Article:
Fishing industry and Covid-19

By Mwangi Mumero

The global fishing industry faces a gloomy 2021 after being hit hard by the Covid-19 pandemic. According to a 4th February report by the Food and Agriculture Organisation (FAO), continued lockdowns in key markets will greatly affect the demand and supply in the fisheries and aquaculture food systems.

The report, ‘The impact of Covid-19 on fisheries and aquaculture food systems’. Indicates that fish supply, consumption and trade revenues for 2020 are expected to decline due to containment measures. It also predicts the global aquaculture production will fall by 1.3 per cent-

-the first fall record by the sector in several years.

“The Covid-19 pandemic has caused widespread upheaval in fisheries and aquaculture. Production has been disrupted, supply chains interrupted and the consumer spending restricted by various lockdowns,” FAO deputy director-general Maria Helena Semedo said during the recent release of the report.

According to Dr Semedo, containment measures have provoked far-reaching consequences, many of which are likely to persist in the long term.

According to the report, aggregate prices for 2020 as measured by the Fish Price Index are down year-on-year for most traded species.

Restaurant and hotel closures in many countries have also led to a fall in demand for fresh fish products.

The fishing industry in developing nations continues to be hardest hit by this pandemic.

“The impact has been significant in developing countries, especially those with large informal sectors, where small-scale and artisanal workers and communities depend on fisheries for their food security, livelihoods. They have borne the brunt of restrictions,” Dr Semedo added.

The report further notes, unsold production will result in increased levels of live fish stocks, and in return will create – higher costs for feeding, as well as greater number of fish mortalities for fish farmers.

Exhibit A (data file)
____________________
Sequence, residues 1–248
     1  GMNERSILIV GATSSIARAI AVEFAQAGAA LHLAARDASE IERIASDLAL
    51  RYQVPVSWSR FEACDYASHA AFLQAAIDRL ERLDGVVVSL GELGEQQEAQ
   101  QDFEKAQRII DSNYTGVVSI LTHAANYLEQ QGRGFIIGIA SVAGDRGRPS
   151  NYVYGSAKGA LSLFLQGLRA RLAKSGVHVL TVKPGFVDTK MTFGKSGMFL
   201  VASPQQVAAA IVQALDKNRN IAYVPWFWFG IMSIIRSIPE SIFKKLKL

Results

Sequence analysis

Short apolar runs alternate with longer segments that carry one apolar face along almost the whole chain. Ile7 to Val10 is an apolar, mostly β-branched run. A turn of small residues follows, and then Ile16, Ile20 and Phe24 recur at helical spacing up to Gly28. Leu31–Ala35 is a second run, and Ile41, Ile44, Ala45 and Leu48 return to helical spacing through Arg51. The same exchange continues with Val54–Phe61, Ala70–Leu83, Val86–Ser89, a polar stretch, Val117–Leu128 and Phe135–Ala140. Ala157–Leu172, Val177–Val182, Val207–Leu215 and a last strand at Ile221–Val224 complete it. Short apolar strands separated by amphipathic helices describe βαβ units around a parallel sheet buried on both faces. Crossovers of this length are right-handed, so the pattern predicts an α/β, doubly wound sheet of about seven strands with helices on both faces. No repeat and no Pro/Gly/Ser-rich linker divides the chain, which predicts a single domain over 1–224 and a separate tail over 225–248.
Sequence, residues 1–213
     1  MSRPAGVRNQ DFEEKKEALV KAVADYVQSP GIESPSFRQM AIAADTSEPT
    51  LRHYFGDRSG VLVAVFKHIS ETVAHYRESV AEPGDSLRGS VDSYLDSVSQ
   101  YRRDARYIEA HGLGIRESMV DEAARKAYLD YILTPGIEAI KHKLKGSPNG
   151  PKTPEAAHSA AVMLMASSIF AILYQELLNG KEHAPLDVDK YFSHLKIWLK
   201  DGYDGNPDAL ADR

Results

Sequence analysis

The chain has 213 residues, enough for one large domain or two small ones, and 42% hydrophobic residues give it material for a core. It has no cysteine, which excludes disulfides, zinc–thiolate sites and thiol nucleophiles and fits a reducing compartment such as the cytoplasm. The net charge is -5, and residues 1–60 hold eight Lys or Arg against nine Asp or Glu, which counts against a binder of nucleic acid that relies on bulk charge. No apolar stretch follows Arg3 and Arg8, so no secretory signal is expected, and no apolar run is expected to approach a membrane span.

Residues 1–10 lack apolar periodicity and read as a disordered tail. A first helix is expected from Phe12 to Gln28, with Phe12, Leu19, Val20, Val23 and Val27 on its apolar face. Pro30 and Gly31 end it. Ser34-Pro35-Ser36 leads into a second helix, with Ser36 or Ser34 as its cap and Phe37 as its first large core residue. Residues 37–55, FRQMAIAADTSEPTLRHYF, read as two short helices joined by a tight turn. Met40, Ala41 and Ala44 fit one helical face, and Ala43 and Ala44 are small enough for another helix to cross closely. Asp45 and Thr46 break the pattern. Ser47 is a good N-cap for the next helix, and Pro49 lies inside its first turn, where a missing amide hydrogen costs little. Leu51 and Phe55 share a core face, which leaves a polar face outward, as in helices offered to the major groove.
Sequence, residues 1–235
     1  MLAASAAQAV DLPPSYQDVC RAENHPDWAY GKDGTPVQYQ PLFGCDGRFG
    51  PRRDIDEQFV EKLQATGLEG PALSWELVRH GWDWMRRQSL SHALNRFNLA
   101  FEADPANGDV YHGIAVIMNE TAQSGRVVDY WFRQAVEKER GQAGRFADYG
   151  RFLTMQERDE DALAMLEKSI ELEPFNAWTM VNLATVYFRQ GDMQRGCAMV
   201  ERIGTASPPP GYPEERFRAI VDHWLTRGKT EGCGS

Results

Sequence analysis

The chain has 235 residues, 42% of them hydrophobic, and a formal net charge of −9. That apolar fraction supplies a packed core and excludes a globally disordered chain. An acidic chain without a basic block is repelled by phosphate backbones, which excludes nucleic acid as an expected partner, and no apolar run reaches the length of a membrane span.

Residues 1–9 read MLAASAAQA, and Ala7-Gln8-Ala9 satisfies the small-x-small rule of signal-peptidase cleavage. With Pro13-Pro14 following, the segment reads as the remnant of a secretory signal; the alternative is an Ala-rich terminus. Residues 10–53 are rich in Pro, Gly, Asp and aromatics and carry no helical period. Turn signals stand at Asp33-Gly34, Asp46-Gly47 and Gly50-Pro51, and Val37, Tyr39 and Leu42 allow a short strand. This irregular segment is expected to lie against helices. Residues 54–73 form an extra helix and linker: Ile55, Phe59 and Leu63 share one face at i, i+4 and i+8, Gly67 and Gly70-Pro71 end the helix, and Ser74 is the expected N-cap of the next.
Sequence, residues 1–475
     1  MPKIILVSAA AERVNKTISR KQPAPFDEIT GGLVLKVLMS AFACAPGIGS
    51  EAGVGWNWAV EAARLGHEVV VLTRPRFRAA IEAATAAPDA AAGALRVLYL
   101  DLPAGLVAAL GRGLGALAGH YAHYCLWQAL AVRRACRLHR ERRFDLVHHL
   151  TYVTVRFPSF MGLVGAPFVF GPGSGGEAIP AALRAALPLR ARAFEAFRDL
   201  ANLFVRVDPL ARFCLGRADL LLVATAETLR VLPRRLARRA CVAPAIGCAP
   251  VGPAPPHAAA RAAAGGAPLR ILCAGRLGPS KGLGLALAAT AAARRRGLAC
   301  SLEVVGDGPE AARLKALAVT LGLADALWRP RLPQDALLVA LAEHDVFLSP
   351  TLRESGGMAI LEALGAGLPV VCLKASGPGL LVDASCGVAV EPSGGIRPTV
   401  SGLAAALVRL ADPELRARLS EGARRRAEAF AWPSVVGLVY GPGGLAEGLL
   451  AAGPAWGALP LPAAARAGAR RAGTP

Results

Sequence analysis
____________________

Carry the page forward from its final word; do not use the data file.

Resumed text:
Global catches from wild fisheries declined slightly in 2020 since there has been reduced fishing activities due to the set Covid‑19 restrictions on fishing vessel crews, as well as the markets.

Overall, consumer preferences have also shifted during the pandemic.

While demand for fresh fish has declined, consumer demand for packaged and frozen products has grown as households look to stock up on non-perishable food.

Before the pandemic, the fishing sector was on a general upward trend, with the global production of fish products in 2018 hitting nearly 179 million tonnes

According to the study, per capital fish consumption in the last decade grew to an average of over 20 kilos per person.

The report calls for sectoral and regional organisations to work together in order to manage fisheries and aquaculture during this time of pandemic. They should put in place measures supporting job protection and also ensure a fast recovery of the sector without compromising its sustainability.

The impact of Covid-19 on women, as a vulnerable group, the report says, should also be considered. Women are the  food producers, processors, vendors and careers along the fish value chain and should be adequately supported by the government



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